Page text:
Archive for February 1, 2018

Thursday, February 1, 2018

Podcast Listeners Really Are the Holy Grail Advertisers Hoped They’d Be

Miranda Katz:

Since the beginning of the current podcast boom, often attributed to 2014’s Serial, data on how people listen to podcasts has remained woefully scarce, even as advertising spending climbed to an estimated $220 million in 2017. When Apple Podcasts announced last year that it would soon be offering podcasters more data on their listenership, some worried it would force a “reckoning”—and possibly an “ad apocalypse,” if brands decided that the fledgling new medium wasn’t worth their dollars, after all.

Apple’s Podcast Analytics feature finally became available last month, and Euceph—along with podcasters everywhere—breathed a sigh of relief. Though it’s still early days, the numbers podcasters are seeing are highly encouraging. Forget those worries that the podcast bubble would burst the minute anyone actually got a closer look: It seems like podcast listeners really are the hyper-engaged, super-supportive audiences that everyone hoped.

Via Marco Arment:

The podcast business didn’t really need precise listener behavioral data. Who knew?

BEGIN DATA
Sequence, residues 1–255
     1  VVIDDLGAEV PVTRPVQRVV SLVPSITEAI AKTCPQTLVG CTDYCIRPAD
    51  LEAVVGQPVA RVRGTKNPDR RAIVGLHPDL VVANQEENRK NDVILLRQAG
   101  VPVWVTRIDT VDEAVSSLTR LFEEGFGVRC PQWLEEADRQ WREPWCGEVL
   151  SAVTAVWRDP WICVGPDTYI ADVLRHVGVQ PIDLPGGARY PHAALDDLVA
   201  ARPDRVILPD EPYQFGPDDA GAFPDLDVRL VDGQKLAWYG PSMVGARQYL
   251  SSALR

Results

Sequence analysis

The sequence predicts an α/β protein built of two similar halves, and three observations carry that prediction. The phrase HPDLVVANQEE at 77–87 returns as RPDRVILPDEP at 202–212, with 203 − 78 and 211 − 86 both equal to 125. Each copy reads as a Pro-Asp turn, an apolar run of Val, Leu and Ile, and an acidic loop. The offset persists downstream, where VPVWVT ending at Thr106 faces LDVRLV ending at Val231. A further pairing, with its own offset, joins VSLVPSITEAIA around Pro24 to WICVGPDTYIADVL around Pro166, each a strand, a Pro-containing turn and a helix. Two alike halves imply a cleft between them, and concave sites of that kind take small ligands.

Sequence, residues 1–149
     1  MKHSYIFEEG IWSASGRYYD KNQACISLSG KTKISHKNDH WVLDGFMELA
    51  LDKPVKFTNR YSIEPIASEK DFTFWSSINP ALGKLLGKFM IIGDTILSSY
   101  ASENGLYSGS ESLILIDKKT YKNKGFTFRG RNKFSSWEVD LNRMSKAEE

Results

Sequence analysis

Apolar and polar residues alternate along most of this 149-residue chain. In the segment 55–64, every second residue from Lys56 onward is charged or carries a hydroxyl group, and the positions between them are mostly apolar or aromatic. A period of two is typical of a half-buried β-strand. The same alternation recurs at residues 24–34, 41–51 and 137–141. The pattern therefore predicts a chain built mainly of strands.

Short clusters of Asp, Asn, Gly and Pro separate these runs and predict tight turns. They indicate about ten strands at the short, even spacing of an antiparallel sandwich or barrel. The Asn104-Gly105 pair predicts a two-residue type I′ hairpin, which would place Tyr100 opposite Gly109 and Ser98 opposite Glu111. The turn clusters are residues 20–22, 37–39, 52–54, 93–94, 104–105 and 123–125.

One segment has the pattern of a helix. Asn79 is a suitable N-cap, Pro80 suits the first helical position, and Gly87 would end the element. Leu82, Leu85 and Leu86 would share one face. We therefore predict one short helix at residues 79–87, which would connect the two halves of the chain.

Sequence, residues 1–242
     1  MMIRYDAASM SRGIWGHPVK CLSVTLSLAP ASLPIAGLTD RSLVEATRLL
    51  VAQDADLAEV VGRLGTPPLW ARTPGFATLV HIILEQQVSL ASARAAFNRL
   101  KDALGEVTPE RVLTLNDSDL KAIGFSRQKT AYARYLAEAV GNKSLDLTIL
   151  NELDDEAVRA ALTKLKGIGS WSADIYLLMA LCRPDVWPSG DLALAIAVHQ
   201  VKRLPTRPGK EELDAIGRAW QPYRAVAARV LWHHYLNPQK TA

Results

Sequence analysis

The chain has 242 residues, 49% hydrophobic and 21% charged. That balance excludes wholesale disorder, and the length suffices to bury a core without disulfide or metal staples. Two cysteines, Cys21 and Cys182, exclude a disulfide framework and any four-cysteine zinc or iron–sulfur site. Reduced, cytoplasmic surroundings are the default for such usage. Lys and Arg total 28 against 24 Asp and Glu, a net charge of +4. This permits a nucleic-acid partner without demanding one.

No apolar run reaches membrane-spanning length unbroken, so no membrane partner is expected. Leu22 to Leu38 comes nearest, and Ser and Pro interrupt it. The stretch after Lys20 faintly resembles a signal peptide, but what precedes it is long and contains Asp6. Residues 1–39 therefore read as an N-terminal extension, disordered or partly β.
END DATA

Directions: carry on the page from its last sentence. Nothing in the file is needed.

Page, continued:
Touch ID and the Fifth Amendment

Tim Cushing:

The US Supreme Court hasn’t seen a case involving compelled production of fingerprints land on its desk yet and there’s very little in the way of federal court decisions to provide guidance. What we have to work with is scattered state court decisions and the implicit understanding that no matter how judges rule, a refusal to turn over a fingerprint or a password is little more than a way to add years to an eventual sentence.

The Minnesota Supreme Court has issued the final word on fingerprints and the Fifth Amendment for state residents. In upholding the appeals court ruling, the Supreme Court says a fingerprint isn’t testimonial, even if it results in the production of evidence used against the defendant.)

Things I Wish I’d Known About Bash

zwischenzugs (via Hacker News):